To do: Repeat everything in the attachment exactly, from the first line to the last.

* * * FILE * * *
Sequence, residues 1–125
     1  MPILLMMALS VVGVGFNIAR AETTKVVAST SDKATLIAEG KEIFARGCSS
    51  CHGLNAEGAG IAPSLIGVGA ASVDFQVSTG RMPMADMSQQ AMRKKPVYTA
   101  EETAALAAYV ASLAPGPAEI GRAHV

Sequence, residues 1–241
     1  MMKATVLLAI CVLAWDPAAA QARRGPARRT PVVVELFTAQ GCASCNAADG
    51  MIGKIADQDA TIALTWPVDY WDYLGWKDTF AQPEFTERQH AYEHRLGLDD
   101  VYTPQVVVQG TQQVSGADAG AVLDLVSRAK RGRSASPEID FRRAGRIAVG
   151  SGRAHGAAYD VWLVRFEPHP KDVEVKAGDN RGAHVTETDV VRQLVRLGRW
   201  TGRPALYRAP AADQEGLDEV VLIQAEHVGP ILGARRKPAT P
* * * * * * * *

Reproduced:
Sequence, residues 1–125
     1  MPILLMMALS VVGVGFNIAR AETTKVVAST SDKATLIAEG KEIFARGCSS
    51  CHGLNAEGAG IAPSLIGVGA ASVDFQVSTG RMPMADMSQQ AMRKKPVYTA
   101  EETAALAAYV ASLAPGPAEI GRAHV

Sequence, residues 1–241
     1  MMKATVLLAI CVLAWDPAAA QARRGPARRT PVVVELFTAQ GCASCNAADG
    51  MIGKIADQDA TIALTWPVDY WDYLGWKDTF AQPEFTERQH AYEHRLGLDD
   101  VYTPQVVVQG TQQVSGADAG AVLDLVSRAK RGRSASPEID FRRAGRIAVG
   151  SGRAHGAAYD VWLVRFEPHP KDVEVKAGDN RGAHVTETDV VRQLVRLGRW
   201  TGRPALYRAP AADQEGLDEV VLIQAEHVGP ILGARRKPAT P